Reading: Matthew 10:40 – 42
40 ‘Whoever welcomes you welcomes me, and whoever welcomes me welcomes the one who sent me. 41 Whoever welcomes a prophet in the name of a prophet will receive a prophet’s reward; and whoever welcomes a righteous person in the name of a righteous person will receive the reward of the righteous; 42 and whoever gives even a cup of cold water to one of these little ones in the name of a disciple—truly I tell you, none of these will lose their reward.’
Our short reading is a continuation of the Jesus teaching on discipleship and follows on directly from last week’s verses. It has taken me quite a while to come to an understanding of these three verses but I will try my best to explain them in a way that hopefully will give us some insight into our journey as disciples today.
Within these verses we hear echoes for Jesus instructions to the disciples in chapter 10 verses 13-14 but also Jesus’ judgement on the nations recorded in chapter 25 verses 31-46.
In the first verse Jesus draws on the idea of an emissary, a person who would be a representative of a ruler and their presence would be as if the ruler was their themselves. Jesus is saying that anyone who welcome a disciple is also welcoming Jesus and God because the disciple has been sent out with Jesus authority and to do Jesus mission. While this verse is written in the positive the opposite is also true, those who reject a disciple, also reject Jesus and God. Jesus is highlighting the importance of the role of hospitality in spreading the gospel. If the disciples had nowhere to stay, they would not be able to share the gospel in that village so hospitality is enabling the disciples to do their work.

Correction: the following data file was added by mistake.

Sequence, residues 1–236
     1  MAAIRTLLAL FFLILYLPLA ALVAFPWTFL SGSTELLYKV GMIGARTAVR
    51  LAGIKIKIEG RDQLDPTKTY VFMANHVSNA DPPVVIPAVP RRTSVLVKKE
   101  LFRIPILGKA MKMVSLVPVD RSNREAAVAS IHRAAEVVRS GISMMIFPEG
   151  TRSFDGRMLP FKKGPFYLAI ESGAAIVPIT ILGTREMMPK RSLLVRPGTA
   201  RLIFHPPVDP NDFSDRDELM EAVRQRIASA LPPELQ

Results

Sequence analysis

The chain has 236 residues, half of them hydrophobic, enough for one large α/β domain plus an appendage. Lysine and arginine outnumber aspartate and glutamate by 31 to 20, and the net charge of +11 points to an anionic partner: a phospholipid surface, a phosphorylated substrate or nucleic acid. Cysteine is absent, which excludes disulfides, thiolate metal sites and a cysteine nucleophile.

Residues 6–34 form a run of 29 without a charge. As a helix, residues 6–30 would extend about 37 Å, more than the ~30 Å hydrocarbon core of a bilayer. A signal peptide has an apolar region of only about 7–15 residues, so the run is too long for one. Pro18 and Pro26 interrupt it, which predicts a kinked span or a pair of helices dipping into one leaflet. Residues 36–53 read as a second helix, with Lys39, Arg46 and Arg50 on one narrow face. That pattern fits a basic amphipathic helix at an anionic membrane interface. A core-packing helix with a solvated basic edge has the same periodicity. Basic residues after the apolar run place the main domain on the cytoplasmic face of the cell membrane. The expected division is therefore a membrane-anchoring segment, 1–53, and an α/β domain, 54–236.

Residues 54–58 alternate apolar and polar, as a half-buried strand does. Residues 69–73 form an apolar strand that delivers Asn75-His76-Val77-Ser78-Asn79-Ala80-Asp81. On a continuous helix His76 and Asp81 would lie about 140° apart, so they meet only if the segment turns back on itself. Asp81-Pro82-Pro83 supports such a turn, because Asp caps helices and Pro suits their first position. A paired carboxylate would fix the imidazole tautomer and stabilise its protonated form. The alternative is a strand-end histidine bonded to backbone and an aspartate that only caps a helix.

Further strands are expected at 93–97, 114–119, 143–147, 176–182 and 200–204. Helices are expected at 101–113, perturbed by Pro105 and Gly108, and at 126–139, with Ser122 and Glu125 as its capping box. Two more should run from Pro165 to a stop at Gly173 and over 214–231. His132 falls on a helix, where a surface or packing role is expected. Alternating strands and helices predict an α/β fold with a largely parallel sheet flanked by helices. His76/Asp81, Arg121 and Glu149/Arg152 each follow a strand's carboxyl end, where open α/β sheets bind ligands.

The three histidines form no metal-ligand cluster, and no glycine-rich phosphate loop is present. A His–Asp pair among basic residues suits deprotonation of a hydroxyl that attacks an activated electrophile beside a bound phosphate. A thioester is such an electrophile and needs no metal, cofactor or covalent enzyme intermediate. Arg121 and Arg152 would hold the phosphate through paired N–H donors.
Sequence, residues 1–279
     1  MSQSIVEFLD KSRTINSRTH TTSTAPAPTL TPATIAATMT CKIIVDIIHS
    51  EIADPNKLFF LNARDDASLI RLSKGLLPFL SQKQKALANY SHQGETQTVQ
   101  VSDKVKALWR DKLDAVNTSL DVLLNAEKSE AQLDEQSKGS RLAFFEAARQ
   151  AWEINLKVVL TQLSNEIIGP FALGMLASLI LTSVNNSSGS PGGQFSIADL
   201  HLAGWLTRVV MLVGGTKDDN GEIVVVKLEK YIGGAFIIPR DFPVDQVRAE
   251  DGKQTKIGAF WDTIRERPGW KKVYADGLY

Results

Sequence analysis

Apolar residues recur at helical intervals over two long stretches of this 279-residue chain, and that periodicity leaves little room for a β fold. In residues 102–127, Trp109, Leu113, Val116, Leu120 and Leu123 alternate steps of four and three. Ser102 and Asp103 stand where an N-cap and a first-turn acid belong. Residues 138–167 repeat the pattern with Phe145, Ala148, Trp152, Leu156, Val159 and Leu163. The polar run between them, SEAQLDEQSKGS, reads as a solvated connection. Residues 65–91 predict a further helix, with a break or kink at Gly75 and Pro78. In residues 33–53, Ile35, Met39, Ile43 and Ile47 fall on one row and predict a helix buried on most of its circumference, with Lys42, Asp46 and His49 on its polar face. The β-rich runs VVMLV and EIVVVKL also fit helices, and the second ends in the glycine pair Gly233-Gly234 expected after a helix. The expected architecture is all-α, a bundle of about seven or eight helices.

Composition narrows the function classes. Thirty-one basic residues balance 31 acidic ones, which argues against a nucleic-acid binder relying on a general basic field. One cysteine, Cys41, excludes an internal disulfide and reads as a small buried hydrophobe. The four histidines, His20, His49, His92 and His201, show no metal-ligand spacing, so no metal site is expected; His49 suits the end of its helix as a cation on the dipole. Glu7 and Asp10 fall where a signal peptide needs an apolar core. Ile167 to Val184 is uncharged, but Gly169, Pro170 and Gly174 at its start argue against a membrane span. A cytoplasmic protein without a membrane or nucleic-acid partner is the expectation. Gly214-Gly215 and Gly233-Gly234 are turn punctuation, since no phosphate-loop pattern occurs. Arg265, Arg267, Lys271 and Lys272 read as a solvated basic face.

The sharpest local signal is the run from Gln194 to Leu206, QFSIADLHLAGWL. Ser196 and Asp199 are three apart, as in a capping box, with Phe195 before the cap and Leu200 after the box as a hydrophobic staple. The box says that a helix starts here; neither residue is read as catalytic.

The next two verses mention three groups of people and gives them equal status: the prophets, the righteous and the “little ones”. This would probably have been a shock to those listening. To be considered a prophet or to be considered righteous would have been places of prestige and the little ones were those who were considered less significant in the life of the church. Jesus is saying that when it comes to the gospel there is no hierarchy.
When we think of missionaries, maybe one or two names come to mind e.g. David Livingstone. While the work they did is to be commended they did not do it on their own. There would have been people who planned, financed, provided transport, prayed and so much more working in the background enabling other work to be done.
This reminded me of a story I remember hearing about President Kennedy’s visit to NASA. While on a tour of the facility he stopped to speak to a man carrying a broom and asked him what he was doing. The man replied that he was putting a man on the moon.
Over the last few weeks the passages have been looking at mission and discipleship and some of you may have been thinking, “that is all well and good but I can’t do that” or maybe “I’m too old” or maybe “I’m not able to do such things now”. This passage challenges us to think that maybe there is something we can do. It also challenges us to appreciate all the work that is already going on in the church, much of which is unseen and unrecognised.
As we think about what we do in the church, as we think about mission and discipleship, may we all see that we all have a role to play in building the kingdom.
• Think about all the different jobs that are done in the church and think about who does them
• Think about what gifts and skill you have and consider how you could use them for mission in the future
• Give thanks to God for all who undertake jobs at the church and who support you in your role
• Give thanks to God for the diverse skills and gifts that people have
• Pray for the ongoing life of the church and its mission into the community